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Hoffmann, R. A wiki for the life sciences where authorship matters. Nature Genetics (2008)

Upregulation of the NNP-1 (novel nuclear protein-1, D21S2056E) gene in keloid tissue determined by cDNA microarray and in situ hybridization.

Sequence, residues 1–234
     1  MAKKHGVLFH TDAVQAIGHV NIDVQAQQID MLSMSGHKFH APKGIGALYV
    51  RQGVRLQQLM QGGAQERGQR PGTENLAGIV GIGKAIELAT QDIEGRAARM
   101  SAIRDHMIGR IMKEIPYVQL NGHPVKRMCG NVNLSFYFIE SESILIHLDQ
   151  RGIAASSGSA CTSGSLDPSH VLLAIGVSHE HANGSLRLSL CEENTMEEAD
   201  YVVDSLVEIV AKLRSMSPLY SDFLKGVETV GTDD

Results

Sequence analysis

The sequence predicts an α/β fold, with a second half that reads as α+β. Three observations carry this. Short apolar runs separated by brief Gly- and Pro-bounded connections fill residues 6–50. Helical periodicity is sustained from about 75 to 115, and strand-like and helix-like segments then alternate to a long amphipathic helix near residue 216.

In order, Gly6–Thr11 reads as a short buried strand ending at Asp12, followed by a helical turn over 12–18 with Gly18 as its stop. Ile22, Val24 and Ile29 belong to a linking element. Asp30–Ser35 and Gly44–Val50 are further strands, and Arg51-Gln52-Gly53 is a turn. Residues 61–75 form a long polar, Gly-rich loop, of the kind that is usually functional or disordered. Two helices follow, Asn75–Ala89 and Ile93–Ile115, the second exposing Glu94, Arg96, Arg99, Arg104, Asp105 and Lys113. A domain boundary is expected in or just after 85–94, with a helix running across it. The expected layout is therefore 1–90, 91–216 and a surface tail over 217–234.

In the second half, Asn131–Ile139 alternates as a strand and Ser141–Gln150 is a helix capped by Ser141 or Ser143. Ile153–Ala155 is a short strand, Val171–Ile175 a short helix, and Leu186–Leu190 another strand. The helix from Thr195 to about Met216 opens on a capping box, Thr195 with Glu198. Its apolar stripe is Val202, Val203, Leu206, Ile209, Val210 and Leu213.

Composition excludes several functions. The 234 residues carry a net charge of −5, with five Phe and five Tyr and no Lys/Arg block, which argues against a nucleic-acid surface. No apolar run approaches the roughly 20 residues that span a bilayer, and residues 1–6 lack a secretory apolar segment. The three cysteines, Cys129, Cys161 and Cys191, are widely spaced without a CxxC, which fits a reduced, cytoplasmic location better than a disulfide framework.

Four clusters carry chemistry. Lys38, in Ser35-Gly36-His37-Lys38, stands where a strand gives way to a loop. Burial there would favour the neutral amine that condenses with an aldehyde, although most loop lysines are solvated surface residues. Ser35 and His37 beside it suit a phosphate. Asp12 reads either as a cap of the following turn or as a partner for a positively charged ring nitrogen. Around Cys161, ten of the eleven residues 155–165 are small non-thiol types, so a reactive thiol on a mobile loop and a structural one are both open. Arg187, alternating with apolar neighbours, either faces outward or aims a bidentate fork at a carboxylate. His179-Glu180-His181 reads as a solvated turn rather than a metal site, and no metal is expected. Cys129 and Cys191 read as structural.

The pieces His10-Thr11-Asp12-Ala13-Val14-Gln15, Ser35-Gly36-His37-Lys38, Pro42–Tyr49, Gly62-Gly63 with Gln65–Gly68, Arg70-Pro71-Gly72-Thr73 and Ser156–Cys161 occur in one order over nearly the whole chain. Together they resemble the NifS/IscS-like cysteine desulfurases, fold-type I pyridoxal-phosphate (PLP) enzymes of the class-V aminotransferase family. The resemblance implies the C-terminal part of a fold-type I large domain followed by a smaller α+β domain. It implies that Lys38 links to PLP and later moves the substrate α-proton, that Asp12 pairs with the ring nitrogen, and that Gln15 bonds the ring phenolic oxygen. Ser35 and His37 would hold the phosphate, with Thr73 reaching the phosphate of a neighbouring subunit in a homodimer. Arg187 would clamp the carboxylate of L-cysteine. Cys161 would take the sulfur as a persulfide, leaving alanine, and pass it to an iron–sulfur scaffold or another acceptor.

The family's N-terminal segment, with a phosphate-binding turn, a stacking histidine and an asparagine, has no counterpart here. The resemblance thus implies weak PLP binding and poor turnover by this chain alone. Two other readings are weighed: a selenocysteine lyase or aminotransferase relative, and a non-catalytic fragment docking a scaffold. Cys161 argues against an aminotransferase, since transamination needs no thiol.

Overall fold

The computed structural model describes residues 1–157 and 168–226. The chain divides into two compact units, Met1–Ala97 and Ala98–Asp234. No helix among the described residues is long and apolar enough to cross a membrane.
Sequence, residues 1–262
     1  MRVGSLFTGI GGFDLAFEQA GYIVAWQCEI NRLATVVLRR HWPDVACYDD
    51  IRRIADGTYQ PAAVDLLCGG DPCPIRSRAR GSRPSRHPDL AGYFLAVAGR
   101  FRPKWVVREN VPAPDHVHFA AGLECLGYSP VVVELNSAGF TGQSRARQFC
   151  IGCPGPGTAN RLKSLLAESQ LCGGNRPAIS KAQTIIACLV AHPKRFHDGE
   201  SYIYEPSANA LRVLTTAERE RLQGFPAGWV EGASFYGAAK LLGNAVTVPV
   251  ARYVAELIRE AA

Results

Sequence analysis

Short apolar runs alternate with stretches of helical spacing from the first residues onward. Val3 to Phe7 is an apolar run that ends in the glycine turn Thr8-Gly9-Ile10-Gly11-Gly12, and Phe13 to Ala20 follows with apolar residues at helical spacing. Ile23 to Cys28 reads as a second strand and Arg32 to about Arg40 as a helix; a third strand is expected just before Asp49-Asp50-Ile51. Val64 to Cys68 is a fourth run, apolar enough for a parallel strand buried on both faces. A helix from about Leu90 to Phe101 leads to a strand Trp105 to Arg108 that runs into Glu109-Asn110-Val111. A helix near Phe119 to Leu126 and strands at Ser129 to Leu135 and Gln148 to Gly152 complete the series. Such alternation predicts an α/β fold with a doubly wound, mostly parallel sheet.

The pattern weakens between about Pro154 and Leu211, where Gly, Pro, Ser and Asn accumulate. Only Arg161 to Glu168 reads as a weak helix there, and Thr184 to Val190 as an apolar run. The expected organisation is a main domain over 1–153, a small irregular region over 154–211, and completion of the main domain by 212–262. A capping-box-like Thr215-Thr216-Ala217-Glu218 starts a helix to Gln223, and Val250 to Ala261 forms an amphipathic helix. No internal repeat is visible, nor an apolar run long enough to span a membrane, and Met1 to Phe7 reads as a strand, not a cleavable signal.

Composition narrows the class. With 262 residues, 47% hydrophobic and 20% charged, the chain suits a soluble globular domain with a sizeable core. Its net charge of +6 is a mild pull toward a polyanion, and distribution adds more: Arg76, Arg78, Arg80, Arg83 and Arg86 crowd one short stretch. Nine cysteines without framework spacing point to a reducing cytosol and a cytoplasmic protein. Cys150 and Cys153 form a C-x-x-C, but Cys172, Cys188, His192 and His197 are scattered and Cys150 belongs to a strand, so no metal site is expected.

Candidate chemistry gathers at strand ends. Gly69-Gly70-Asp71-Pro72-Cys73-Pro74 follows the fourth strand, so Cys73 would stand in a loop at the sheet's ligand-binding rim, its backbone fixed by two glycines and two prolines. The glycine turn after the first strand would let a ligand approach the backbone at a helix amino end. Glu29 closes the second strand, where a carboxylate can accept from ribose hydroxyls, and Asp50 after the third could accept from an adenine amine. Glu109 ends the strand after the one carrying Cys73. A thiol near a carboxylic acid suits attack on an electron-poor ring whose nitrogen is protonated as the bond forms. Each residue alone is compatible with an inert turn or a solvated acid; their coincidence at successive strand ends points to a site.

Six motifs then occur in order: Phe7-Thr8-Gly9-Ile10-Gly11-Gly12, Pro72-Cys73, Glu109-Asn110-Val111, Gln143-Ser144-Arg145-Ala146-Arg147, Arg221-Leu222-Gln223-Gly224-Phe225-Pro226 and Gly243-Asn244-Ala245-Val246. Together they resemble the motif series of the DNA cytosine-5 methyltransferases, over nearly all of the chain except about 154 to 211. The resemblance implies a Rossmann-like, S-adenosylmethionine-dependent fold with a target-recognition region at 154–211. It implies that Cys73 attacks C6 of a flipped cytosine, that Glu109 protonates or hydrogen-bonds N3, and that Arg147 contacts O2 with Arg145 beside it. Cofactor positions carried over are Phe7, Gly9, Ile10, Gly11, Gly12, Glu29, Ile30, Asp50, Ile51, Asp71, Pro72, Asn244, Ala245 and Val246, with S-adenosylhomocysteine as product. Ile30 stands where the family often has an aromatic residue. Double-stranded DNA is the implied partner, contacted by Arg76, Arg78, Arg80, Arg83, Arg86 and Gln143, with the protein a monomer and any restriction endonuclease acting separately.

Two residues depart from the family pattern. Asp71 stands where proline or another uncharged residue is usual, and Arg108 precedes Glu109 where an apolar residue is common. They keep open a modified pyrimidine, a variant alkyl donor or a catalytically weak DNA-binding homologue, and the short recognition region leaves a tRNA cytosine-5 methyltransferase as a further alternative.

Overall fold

BACKGROUND: A keloid results from excessive collagen deposition, the cause of which remains elusive. A thorough understanding of the pathophysiology of keloid tissue can help determine the most appropriate treatment strategy. OBJECTIVES: To assess the differences in gene expression between keloids and adjacent normal skin in order to define the genes involved in keloid formation. METHODS: Three Korean patients with keloids underwent excision of the keloid and adjacent normal skin, which was used as the control. We investigated expression patterns of genes in the keloids and the normal skin using cDNA microarray and in situ hybridization techniques. RESULTS: Nine genes in the keloid tissue were consistently upregulated over the 2.0 ratio compared with the normal control from the cDNA microarray composed of 3063 clones: collagen type I alpha1 (NM_000088), DNA segment on chromosome 21 (unique) 2056 expressed sequence (D21S2056E, NNP-1, NM_003683), suppressor of Ty 5 homologue (NM_003169), phosphoglycerate dehydrogenase (NM_032692), adenosine triphosphate synthase beta (NM_001686), serine (or cysteine) proteinase inhibitor, clade H (heat shock protein 47, NM_001235), LIV-1 protein, oestrogen regulated (LIV-1, NM_012319), interleukin-11 receptor alpha (IL11RA, NM_004512) and carbonyl reductase 3 (CBR3, NM_001236). From the in situ hybridization study, the staining signals in the keloid tissue hybridized with anti sense probes of NNP-1 mRNA were stronger than signals in normal controls. Further, endothelial epithelium, but not the epidermis, expressed the signal equally in both keloid and normal control tissue. CONCLUSIONS: We identified nine upregulated genes in keloid tissue using cDNA microarray. Of the nine, the NNP-1 gene was confirmed by topological information using the in situ hybridization technique. We conclude that these nine genes, especially NNP-1, probably contribute either directly or indirectly to keloid formation.[1]


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